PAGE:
Red-state Democrats have been trying hard to get some distance from their party, first on Obamacare and then on the Keystone XL pipeline.
Now they have a new issue to add to their list: trucking.
An amendment in a spending bill on the floor this week that changes trucking regulations is putting liberal Senate Democrats at odds with their colleagues who are facing reelection this cycle or who hail from conservative states.
Trucking regulations came under the spotlight after actor and comedian Tracy Morgan was involved in a lethal crash involving a semi on the New Jersey Turnpike earlier this month.
At the center of the debate is Republican Sen. Susan Collins's amendment, which calls for a $4 million study and suspends a rule that truckers observe a 34-hour rest period, including two consecutive breaks between 1 a.m. and 5 a.m., before restarting their next work period. The long-litigated regulation has forced truck drivers onto the roads at the busiest time of the day, Collins says.
If the driver in the New Jersey Turnpike incident had been on the road for 24 hours, as some reports show, he would have been breaking the law even if the amendment were enacted, she adds.
Collins's amendment passed on a bipartisan vote out of the Appropriations Committee this month and is included in the spending-bill package before the full Senate.
Since the measure moved out of committee, it has come under a steady stream of attack from highway-safety organizations as well as liberal senators. Led by Sens. Cory Booker and Bob Menendez of New Jersey and Richard Blumenthal of Connecticut, a group of Democrats from blue states is pushing back against Collins's amendment.
Booker has won the support of the No. 3 Democrat in the chamber, Chuck Schumer of New York, as well as fellow New Yorker Kirsten Gillibrand and Sens. Jay Rockefeller of West Virginia, Elizabeth Warren and Edward Markey of Massachusetts, and Dianne Feinstein of California. Plus, Assistant Majority Leader Dick Durbin and Budget Committee Chairwoman Patty Murray opposed the amendment in committee.
They want to see the so-called hours-of-service regulations left in place but agree with Collins's call for a study of the rules. They argue that the regulations help prevent driver fatigue, which they say contributes to accidents.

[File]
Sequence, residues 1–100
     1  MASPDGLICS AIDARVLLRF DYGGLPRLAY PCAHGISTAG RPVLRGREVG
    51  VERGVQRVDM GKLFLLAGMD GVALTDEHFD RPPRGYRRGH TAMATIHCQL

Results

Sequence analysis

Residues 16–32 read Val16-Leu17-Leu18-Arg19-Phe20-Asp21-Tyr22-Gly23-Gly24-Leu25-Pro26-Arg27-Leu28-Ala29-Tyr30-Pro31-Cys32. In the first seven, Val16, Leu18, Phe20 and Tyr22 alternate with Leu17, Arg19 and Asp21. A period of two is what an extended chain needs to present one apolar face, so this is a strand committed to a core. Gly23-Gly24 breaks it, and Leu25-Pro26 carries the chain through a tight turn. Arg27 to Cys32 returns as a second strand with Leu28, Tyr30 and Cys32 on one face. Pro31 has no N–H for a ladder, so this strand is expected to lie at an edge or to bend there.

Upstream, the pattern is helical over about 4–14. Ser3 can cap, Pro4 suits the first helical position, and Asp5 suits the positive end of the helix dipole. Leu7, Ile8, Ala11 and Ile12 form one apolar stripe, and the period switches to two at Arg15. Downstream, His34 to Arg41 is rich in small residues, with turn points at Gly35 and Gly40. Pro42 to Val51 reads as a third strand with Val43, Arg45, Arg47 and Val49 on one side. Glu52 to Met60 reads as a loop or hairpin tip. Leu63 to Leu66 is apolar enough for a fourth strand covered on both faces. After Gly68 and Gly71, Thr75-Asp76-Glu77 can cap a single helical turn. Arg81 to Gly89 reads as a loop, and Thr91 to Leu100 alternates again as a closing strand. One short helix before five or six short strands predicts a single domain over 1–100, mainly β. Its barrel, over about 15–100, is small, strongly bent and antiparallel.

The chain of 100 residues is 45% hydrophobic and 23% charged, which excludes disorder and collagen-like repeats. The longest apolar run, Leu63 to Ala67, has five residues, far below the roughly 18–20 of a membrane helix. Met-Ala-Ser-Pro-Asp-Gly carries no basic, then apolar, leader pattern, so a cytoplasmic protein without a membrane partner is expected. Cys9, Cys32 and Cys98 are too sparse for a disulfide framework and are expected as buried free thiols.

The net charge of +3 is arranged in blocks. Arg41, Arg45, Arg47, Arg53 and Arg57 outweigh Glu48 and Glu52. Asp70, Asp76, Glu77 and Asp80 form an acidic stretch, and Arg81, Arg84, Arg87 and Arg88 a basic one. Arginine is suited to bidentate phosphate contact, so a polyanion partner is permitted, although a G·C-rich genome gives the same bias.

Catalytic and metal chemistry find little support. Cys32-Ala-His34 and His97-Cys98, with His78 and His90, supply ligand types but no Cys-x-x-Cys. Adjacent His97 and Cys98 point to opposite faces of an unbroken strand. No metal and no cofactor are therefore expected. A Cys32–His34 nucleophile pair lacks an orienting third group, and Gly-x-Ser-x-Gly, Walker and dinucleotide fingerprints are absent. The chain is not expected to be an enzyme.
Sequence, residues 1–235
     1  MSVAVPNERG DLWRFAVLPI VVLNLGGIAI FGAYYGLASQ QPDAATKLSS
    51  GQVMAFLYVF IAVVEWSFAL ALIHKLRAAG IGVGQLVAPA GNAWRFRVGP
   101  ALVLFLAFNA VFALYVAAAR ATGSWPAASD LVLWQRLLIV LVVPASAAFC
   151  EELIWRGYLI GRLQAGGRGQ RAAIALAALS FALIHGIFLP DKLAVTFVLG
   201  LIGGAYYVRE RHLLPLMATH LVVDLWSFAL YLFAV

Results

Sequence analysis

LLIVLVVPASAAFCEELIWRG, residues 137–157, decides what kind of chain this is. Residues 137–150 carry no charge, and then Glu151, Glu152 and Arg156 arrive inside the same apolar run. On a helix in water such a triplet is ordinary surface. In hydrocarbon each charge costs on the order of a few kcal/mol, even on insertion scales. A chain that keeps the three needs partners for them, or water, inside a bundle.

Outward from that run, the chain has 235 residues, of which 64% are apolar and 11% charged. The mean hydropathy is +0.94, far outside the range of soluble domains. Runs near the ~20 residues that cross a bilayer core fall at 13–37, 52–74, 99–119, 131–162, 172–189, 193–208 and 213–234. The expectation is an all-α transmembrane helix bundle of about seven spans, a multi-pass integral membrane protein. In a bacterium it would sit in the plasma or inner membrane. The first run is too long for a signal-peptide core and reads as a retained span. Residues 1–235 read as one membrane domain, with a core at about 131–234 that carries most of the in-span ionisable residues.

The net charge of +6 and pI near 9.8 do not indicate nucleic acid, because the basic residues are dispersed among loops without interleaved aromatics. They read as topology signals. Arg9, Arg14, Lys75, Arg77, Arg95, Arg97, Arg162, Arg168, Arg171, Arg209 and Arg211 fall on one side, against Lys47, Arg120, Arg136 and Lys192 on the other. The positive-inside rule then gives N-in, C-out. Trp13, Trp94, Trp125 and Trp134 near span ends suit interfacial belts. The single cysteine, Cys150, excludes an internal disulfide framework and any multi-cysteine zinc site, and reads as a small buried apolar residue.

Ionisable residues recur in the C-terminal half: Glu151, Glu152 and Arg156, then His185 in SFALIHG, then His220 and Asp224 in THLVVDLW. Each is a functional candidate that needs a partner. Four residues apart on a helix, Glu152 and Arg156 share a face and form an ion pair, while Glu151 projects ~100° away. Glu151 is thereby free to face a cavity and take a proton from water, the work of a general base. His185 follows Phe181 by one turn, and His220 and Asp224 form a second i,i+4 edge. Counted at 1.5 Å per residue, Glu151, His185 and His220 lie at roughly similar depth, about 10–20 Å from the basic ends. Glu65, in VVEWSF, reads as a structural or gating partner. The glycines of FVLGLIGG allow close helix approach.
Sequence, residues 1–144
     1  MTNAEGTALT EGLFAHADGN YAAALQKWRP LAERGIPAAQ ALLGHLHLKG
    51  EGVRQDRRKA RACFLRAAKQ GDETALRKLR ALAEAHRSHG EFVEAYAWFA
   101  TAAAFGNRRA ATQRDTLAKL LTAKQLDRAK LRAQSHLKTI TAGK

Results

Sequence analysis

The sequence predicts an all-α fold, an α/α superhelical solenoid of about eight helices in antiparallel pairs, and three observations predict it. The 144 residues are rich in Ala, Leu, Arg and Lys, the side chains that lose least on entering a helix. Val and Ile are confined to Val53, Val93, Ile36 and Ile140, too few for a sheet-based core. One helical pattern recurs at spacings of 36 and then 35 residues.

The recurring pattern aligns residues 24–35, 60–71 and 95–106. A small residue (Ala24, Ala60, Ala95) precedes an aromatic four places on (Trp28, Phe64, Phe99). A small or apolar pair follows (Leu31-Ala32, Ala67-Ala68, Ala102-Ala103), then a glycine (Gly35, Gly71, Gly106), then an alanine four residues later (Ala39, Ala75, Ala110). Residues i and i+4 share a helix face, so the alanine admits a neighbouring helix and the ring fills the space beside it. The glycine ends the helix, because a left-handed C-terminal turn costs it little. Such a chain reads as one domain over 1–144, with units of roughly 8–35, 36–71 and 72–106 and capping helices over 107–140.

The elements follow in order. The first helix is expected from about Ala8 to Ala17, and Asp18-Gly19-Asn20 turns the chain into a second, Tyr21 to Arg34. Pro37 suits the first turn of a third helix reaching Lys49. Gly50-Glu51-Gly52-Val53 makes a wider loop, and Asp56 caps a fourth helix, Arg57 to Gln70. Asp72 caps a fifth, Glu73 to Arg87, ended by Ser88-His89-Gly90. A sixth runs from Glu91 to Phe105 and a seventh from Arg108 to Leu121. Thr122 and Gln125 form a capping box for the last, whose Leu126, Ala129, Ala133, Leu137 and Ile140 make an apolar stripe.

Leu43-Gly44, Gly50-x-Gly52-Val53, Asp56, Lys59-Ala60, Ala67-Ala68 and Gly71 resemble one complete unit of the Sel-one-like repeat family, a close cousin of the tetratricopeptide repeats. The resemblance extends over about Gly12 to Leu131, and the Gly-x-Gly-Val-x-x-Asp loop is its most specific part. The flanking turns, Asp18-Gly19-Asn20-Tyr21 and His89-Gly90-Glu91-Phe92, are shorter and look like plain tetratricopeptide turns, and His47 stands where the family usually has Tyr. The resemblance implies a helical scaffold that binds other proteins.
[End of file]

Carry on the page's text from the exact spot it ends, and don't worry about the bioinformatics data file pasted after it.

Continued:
There's the policy side to the trucking issue, but there's a political dimension as well, with Democrats from conservative states or in close races increasingly eager to demonstrate their independence from President Obama. For example, Sen. Mary Landrieu of Louisiana, the chairwoman of the Energy and Natural Resources Committee, is planning a vote in her panel on Keystone, which she supports and the administration has held up.
Disagreement over the trucking amendment among Democrats comes as they fight to keep the Senate, with the GOP needing to net only six seats to win control of the chamber. The disagreement also stands in contrast to the Democrats' Fair Shot agenda, which includes student-loan legislation and a minimum-wage hike — issues meant to unite the caucus.
Collins, of Maine, won the support of appropriators from red states as well as those facing tough reelection fights this year, including Sens. Mark Begich of Alaska, Jeff Merkley of Oregon, Landrieu, Jeanne Shaheen of New Hampshire, and Jon Tester of Montana, who is not up again until 2018.
Landrieu, Shaheen, and Tester even went so far as to sign onto a letter that sought to dispel some of the negative media attention the trucking measure has been getting.
"It is appalling for anyone to deliberately misrepresent the facts of the provision by attempting to link the accident with this bill," the senators wrote in a letter obtained by National Journal. "We all want safer roads, and this provision is aimed at doing just that."
The debate has not only split some Democrats, but it also pits advocacy groups that back truckers' interests against consumer-safety organizations. The consumer groups recognize that they face a hurdle in overcoming a coalition that includes the GOP as well as a number of Democrats.
"Yes we are aware that there are Democrats who supported this in committee," said Jackie Gillan, president of Advocates for Highway and Auto Safety. "We have certainly worked on other David and Goliath issues before "¦ we hope to change some minds."